Fundamental and Value Profile

    Marathon Oil Corporation is an exploration and production (E&P) company. The Company operates through two segments: United States E&P and International E&P. The United States E&P segment explores for, produces and markets crude oil and condensate, natural gas liquids (NGLs) and natural gas in the United States. The International E&P segment explores for, produces and markets crude oil and condensate, NGLs and natural gas outside of the United States, and produces and markets products manufactured from natural gas, such as liquefied natural gas (LNG) and methanol, in Equatorial Guinea (E.G.). MRO has a current market cap of $17.7 billion.

    • Earnings and Sales Growth: Over the last twelve months, earnings and sales both increased, with earnings more than tripling, while sales increased about 61%. Growing earnings faster than sales is difficult to do, and generally isn’t sustainable in the long-term; however it is also a good indication of a management’s ability to maximize their business operations. It is also noteworthy that the company’s Net Income is nearly 25% of revenue, which means their profit margins are very healthy right now.
    • Free Cash Flow: MRO’s Free Cash Flow is very strong, at almost $3 billion. That number has increased since the beginning of 2016, which roughly corresponds with the point where oil prices stabilized after dropping strongly through the last half of 2014 and all of 2015.
    • Debt to Equity: MRO has a debt/equity ratio of .46, which is conservative. Their balance sheet indicates operating profits are more than sufficient to service their debt, with good liquidity to provide additional financial support and flexibility.
    • Dividend: MRO pays an annual dividend of $.20 per share, which at its current price translates to a dividend yield of about 1%.
    • Price/Book Ratio: there are a lot of ways to measure how much a stock should be worth; but one of the simplest methods that I like uses the stock’s Book Value, which for MRO is $14.16 per share. At the stock’s current price, that translates to a Price/Book Ratio of 1.47. The average for the Oil, Gas & Consumable Fuels industry is 2.2, while the historical average for MRO is .9. If you work from the historical average, the stock is overvalued right now; however I also take into account the reality this average is skewed by the effect of the collapse of oil prices in mid-2014, from a high around $105 per barrel to a low at the beginning of 2016 at around $30. Energy stocks in general struggled to recover from that 70%-plus drop until late 2017. More appropriate in this case could be the industry average; by this measure the stock’s long-term target price could easily be in the $31 range.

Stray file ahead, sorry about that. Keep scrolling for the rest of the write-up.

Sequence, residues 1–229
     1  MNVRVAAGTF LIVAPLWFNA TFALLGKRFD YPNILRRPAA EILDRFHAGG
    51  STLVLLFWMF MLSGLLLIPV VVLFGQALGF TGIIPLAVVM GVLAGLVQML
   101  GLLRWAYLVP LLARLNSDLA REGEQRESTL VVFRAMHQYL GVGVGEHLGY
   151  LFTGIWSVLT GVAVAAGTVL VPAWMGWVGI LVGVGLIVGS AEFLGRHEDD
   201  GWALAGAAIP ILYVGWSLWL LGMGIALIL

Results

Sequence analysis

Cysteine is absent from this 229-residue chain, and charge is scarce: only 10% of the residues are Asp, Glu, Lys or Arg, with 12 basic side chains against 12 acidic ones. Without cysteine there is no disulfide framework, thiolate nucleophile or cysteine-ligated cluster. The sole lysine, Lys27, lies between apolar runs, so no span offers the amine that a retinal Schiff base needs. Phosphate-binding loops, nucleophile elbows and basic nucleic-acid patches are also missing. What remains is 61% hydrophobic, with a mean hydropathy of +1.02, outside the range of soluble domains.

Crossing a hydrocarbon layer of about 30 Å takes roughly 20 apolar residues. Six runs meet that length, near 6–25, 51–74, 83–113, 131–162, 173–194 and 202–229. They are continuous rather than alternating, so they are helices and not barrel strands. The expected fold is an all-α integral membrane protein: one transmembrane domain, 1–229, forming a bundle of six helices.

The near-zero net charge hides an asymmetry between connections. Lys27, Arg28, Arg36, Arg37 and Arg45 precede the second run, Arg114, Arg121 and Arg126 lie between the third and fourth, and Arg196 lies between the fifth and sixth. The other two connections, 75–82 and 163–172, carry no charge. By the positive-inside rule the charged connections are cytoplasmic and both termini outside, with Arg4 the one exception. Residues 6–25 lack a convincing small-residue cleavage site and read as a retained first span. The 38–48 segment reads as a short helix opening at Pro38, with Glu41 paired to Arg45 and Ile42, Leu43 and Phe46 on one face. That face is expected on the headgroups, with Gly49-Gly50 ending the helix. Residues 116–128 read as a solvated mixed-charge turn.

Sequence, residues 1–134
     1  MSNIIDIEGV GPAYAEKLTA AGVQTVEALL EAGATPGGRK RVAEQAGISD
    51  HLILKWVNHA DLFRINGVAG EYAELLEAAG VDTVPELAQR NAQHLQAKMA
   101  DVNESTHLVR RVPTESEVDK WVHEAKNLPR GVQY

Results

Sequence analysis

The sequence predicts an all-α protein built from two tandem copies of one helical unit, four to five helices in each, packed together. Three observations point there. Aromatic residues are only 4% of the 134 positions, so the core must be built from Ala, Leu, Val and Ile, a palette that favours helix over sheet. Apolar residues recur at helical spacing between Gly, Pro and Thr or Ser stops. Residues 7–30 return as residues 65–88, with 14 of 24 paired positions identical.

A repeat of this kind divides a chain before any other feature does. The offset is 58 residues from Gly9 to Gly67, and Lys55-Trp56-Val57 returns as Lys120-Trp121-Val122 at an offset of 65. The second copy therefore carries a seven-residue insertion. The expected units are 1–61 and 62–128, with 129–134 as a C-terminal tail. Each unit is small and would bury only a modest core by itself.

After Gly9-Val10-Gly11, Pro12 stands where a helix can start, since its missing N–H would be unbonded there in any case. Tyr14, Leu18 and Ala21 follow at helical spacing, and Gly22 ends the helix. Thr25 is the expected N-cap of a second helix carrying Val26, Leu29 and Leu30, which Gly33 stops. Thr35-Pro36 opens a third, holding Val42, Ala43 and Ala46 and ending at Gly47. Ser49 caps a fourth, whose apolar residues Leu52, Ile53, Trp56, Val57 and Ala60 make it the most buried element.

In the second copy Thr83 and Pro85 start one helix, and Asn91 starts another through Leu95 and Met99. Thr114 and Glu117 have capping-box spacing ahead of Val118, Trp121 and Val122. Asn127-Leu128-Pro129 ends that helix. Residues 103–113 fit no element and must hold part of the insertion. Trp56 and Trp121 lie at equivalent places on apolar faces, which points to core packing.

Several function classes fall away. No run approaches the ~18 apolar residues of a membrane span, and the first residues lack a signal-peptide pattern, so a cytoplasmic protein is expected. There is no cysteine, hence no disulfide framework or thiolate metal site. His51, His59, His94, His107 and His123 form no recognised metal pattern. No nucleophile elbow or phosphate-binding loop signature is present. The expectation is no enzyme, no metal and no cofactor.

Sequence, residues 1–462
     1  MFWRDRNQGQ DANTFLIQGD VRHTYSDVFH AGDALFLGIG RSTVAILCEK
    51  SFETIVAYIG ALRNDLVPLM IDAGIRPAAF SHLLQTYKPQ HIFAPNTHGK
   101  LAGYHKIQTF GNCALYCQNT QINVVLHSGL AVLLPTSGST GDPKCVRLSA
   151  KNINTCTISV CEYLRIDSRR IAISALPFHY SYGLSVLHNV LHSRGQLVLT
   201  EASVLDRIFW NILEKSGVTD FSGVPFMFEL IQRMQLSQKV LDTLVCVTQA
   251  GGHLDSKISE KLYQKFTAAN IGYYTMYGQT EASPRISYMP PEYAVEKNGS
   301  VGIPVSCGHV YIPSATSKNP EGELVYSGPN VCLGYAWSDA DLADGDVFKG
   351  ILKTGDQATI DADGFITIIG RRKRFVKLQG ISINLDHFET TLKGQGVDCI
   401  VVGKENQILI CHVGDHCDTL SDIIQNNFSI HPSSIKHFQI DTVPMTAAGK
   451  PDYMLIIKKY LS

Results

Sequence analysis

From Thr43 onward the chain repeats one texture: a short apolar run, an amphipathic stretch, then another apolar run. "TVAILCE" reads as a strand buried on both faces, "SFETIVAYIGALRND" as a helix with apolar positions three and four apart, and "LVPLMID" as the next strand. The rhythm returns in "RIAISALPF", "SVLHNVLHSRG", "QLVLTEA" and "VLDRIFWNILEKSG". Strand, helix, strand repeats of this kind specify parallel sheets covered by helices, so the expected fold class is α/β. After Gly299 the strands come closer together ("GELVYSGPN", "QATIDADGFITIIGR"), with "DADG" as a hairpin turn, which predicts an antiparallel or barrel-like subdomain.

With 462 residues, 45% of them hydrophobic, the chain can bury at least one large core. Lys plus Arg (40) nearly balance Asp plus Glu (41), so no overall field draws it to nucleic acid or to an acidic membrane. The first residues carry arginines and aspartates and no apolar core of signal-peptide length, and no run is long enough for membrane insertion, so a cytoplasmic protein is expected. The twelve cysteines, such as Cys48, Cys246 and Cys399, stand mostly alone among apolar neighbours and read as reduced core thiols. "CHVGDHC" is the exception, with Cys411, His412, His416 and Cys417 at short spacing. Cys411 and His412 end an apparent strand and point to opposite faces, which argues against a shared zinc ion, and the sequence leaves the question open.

Technical Profile

    Here’s a look at the stock’s latest technical chart.

     

    • Current Price Action/Trends and Pivots: The stock has been holding in a pretty narrow range between $20 and $22 per share since late May, and is currently in the middle of that range. The stock has built a solid upward trend dating back to August of last year. The stock’s current level is the highest it has seen since mid-2015.
    • Near-term Keys: If the stock can find a new surge of bullish momentum, it could push as high as $25 in the near term, based on previous pivot levels seen in early 2015. That kind of move would reconfirm the stock’s long-term bullish trend, which should make the $28 to $30 level attainable over a longer period of time. A break below $20, however would probably push the stock somewhere between $17 and $18 per share to test the long-term trend’s overall strength.


    By Thomas Moore Energy Sector Investiv Daily Oil
  • 05 Jun
    MRO is a bad bet in this market

    MRO is a bad bet in this market

    Yesterday I wrote about the opportunity that I think exists in the energy sector among oil refiners and transportation stocks. That stems from infrastructure challenges that are likely to restrict the ability of oil producers to keep pushing production higher to meet ever-increasing demand. That is one of the factors that is playing itself out right now and is reflected by a much wider than normal spread between WTI and Brent crude prices. I think that limits the upside of U.S. producers like Marathon Oil Corporation (MRO), who have major exposure to the oil fields that are most affected by limited transportation capacity.

    How long is the problem likely to last? There are major projects underway now to expand existing pipeline and storage infrastructure, but even the most optimistic forecasts don’t expect those facilities to come online until late 2019 or even 2020. While crude from areas like the Eagle Ford and SCOOP/STACK oil fields in Texas and Oklahoma are currently running about $11 per barrel below the price of comparable Brent contracts, oil from the Permian basin is even lower, with the spread at nearly $20 per barrel below Brent. Production remains high, which means that companies like MRO are being forced to use more expensive means to get their product to market.